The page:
YAKIMA, Wash. — Combining pears with apples in displays is one way to boost retail produce department bottom lines, but that is not the only successful approach for pear merchandisers.
“When you promote apples and pears together, the volume of both fruit increases 7.5%,” said Loren Queen, marketing and communications manager for Domex Superfresh Growers, Yakima.
To accomplish that sales gain, Queen said merchandising the fruit side by side is effective in creating color separation between numerous bicolored apple varieties.
“You might have three feet of gala, a foot of anjous, three feet of fujis, a foot of bosc,” he said.
Steve Clement, general manager of Sage Fruit LLC, Yakima. said he believes apples and pears are best merchandised side by side.
“We feel like pears do better in the store when they are next to apples,” he said.
Retailers who want to optimize pear sales need to place them in a visible location, said Steve Lutz, vice president with West Dundee, Ill.-based Perishables Group.
“Pears are one of the higher-impulse items in the produce department,” he said. 
“Consumers aren’t walking in the store and thinking about pears; they are thinking, ‘I’m going to buy bananas.’”
When retailers used to have wall units — a refrigerated rack that ran along the all — fruit would be displayed down the length of the rack, he said. Since retailers have moved to larger displays on Euro tables, Lutz said pears are not as easy to find.
“There doesn’t seem to be rhyme or reason on how they end up where they are at,” he said.
Because of that, retailers need to work on growing demand by positioning pears in a high-traffic area to capture impulse sales.
Other sales strategies
Retailers are actively seeking various ways to increase sales, said Scott Marboe, director of marketing for Oneonta Starr Ranch Growers, Wenatchee.
Marboe said Oneonta has had success with a three-year-old program to match pears with cheeses or wine in display units.
“It is more of an impulse buy than a traditional pear display,” he said.
Looking at different approaches with different retail accounts is an ongoing process, he said. 
In addition to merchandising pears with wine and cheese, Marboe said display bins and tote bags that reflect back-to-school promotions are popular.
Sage Fruit LLC, Yakima, typically ties in with the Pear Bureau Northwest’s promotions, said Steve Clement, general manager.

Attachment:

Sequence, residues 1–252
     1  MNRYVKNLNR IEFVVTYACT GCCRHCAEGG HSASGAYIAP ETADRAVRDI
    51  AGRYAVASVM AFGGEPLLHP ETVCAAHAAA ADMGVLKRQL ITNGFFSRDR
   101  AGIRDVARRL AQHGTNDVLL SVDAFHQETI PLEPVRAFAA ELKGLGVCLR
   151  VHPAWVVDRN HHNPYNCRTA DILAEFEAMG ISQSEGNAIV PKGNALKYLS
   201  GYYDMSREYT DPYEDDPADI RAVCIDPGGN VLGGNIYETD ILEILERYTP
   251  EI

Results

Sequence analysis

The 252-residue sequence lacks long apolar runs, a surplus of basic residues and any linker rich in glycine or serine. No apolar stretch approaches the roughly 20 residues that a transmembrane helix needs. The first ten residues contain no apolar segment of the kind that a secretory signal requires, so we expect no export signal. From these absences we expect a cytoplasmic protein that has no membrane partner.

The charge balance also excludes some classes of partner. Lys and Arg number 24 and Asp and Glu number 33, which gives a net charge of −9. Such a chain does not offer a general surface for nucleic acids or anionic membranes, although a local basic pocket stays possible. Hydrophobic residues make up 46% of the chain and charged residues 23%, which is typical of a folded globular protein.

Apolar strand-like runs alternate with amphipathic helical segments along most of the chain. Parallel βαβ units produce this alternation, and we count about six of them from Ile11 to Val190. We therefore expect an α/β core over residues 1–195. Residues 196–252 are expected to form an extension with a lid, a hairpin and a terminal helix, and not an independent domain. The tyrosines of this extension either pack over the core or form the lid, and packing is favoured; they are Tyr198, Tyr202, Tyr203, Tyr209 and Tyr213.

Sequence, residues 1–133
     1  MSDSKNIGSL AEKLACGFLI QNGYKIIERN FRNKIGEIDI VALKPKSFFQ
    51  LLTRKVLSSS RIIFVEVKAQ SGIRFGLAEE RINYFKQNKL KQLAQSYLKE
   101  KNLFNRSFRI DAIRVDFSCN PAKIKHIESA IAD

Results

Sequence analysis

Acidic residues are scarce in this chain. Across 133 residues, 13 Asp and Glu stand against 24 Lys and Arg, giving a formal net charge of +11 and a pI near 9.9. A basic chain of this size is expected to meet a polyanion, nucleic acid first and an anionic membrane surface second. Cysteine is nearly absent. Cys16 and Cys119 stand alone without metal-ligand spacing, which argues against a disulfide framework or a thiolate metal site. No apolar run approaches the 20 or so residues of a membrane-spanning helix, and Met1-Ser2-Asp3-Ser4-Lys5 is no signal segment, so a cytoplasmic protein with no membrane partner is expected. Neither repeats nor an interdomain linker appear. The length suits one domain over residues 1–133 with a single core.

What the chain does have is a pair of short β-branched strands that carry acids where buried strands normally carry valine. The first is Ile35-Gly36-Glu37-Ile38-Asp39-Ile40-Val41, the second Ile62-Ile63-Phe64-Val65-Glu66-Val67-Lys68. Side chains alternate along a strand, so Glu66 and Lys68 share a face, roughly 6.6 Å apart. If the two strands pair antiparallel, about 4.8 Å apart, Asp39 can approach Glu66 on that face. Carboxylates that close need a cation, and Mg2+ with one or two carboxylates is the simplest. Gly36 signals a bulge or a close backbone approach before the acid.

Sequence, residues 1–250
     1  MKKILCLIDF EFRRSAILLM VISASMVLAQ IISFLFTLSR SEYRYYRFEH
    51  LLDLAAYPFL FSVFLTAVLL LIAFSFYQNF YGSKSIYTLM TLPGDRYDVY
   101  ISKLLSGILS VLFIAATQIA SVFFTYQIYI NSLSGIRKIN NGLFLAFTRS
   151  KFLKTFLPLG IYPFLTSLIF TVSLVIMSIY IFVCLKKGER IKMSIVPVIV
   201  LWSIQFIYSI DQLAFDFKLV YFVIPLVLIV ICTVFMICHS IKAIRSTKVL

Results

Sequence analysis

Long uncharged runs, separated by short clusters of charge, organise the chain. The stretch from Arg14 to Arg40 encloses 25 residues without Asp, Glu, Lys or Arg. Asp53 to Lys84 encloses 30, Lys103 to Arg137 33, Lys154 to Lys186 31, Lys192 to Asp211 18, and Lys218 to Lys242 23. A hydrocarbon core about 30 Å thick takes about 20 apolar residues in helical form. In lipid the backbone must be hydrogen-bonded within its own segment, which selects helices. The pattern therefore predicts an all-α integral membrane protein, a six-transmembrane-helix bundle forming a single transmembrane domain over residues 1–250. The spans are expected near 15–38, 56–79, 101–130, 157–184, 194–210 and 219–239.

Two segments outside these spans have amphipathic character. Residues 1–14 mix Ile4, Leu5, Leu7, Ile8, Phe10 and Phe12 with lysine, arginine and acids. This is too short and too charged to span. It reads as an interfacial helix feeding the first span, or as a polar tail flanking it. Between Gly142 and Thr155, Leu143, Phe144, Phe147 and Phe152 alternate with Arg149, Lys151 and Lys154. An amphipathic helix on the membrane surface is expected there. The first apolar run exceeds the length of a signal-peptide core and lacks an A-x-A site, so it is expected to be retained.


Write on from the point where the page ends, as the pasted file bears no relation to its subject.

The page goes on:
Sage runs a promotion with retailers based on points, driven by display space, ads, tote bag promotions and use of display bins. The contest is oriented toward produce managers, who can accumulate points for various awards based on their pear promotions.

YAKIMA, Wash. — Combining pears with apples in displays is one way to boost retail produce department bottom lines, but that is not the only successful approach for pear merchandisers.

“When you promote apples and pears together, the volume of both fruit increases 7.5%,” said Loren Queen, marketing and communications manager for Domex Superfresh Growers, Yakima.

To accomplish that sales gain, Queen said merchandising the fruit side by side is effective in creating color separation between numerous bicolored apple varieties.

“You might have three feet of gala, a foot of anjous, three feet of fujis, a foot of bosc,” he said.

Steve Clement, general manager of Sage Fruit LLC, Yakima. said he believes apples and pears are best merchandised side by side.

“We feel like pears do better in the store when they are next to apples,” he said.

Retailers who want to optimize pear sales need to place them in a visible location, said Steve Lutz, vice president with West Dundee, Ill.-based Perishables Group.

“Pears are one of the higher-impulse items in the produce department,” he said. 

“Consumers aren’t walking in the store and thinking about pears; they are thinking, ‘I’m going to buy bananas.’”

When retailers used to have wall units — a refrigerated rack that ran along the all — fruit would be displayed down the length of the rack, he said. Since retailers have moved to larger displays on Euro tables, Lutz said pears are not as easy to find.

“There doesn’t seem to be rhyme or reason on how they end up where they are at,” he said.

Because of that, retailers need to work on growing demand by positioning pears in a high-traffic area to capture impulse sales.

Other sales strategies

Retailers are actively seeking various ways to increase sales, said Scott Marboe, director of marketing for Oneonta Starr Ranch Growers, Wenatchee.

Marboe said Oneonta has had success with a three-year-old program to match pears with cheeses or wine in display units.

“It is more of an impulse buy than a traditional pear display,” he said.

Looking at different approaches with different retail accounts is an ongoing process, he said. 

In addition to merchandising pears with wine and cheese, Marboe said display bins and tote bags that reflect back-to-school promotions are popular.

Sage Fruit LLC, Yakima, typically ties in with the Pear Bureau Northwest’s promotions, said Steve Clement, general manager. 

Sage runs a promotion with retailers based on points, driven by display space, ads, tote bag promotions and use of display bins. The contest is oriented toward produce managers, who can accumulate points for various awards based on their pear promotions.